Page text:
“Oh take me in your arms. Rescue me...”
It seems like everyone who is anyone wants to get themselves rescued these days, although a little life experience should warn us that not everyone ends up as happy as they expected, once they find out who exactly it is they have been encouraging to come and rescue them; after the mask comes off, that is.
Take the Icelanders, the early recipients of an IMF-style rescue. Only later were they to find out how strict their new partner really was and just what they were getting themselves into. But while it is easy to start relationships, it is often harder to break them up. So even though the Icelanders are now voting to try to break some of the bonds that bind them, with recent referenda on whether to repay €3 billion to the UK and the Netherlands owed as a result of Iceland’s bank system crashing, they are also about to find that divorce proceedings are costly. Indeed the UK and Dutch governments are threatening to take them to court for around €4 billion, and if they don’t pay, the country could easily find itself denied international credit lines.
Iceland is a small country and most of us have considerable sympathy with the situation its inhabitants find themselves in. Being asked to pay for the stupidity of others is never an agreeable experience.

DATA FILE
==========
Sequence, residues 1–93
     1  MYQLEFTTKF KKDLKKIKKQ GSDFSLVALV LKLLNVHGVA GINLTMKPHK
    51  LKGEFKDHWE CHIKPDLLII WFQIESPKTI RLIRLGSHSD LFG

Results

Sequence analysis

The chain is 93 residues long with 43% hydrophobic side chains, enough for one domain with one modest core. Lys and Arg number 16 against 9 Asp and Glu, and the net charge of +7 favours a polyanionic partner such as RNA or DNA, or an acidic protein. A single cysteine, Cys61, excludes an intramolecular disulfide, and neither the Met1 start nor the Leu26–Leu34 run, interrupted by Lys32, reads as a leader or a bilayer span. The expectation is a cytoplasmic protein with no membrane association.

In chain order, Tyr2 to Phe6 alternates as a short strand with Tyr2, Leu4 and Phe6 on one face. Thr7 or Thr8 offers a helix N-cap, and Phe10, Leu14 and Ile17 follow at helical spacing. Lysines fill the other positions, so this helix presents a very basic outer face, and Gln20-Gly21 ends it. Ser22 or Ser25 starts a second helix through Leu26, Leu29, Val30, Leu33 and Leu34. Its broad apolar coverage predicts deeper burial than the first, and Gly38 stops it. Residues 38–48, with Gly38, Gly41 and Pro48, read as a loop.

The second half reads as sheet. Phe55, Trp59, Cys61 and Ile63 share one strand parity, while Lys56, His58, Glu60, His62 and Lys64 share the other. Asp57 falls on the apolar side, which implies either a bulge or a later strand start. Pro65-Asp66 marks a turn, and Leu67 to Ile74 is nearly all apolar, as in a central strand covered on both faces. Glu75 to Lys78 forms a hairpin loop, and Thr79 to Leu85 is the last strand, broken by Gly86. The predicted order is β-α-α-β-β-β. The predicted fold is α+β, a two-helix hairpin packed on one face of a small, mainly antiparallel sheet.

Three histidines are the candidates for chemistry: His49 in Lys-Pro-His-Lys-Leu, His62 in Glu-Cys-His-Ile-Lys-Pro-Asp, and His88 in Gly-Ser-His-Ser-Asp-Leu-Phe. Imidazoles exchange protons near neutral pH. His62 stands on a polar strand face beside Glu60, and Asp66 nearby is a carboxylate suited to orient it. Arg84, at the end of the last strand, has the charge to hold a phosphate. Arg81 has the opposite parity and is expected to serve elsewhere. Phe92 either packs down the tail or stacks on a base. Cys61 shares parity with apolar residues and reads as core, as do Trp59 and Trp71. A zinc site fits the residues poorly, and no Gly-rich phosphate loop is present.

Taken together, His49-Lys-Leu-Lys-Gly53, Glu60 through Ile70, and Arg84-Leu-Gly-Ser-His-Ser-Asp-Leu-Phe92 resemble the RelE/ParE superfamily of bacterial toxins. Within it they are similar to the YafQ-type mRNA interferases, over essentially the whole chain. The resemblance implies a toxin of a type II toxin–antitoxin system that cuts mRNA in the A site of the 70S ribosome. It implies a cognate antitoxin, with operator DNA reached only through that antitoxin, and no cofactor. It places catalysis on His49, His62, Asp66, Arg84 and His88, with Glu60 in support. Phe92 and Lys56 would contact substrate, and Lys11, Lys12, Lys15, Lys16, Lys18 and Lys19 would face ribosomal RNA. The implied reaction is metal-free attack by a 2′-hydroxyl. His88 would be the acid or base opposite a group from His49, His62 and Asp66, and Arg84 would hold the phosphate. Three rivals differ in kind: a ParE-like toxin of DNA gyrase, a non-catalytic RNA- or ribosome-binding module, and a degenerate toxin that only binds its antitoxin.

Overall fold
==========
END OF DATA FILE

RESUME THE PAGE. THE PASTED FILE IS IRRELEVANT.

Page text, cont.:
But the Icelanders have become the unfortunate victims of historic circumstances, because in the background to their plight lies the European debt crisis and the situation of two other countries who have also found themselves burdened down with debt, Ireland and Greece.
They, too, look like they will not be able to pay for all the debt their citizens have been landed with and talk of future restructuring (a polite expression for not paying part of the debt) is widespread. So all that sympathy for Iceland’s predicament is likely to evaporate in the face of worries about setting precedents.
Now Portugal is about to find itself in the same jam, while hushed voices everywhere are whispering “will Spain be next?” Certainly the Spanish financial system badly needs restructuring, but any such process is likely to be expensive, more costly than the sum the Spanish government (which is preoccupied by the need to stay within agreed deficit limits) would really like to spend. So having a helping hand from someone really might be useful. Yet then come all the doubts.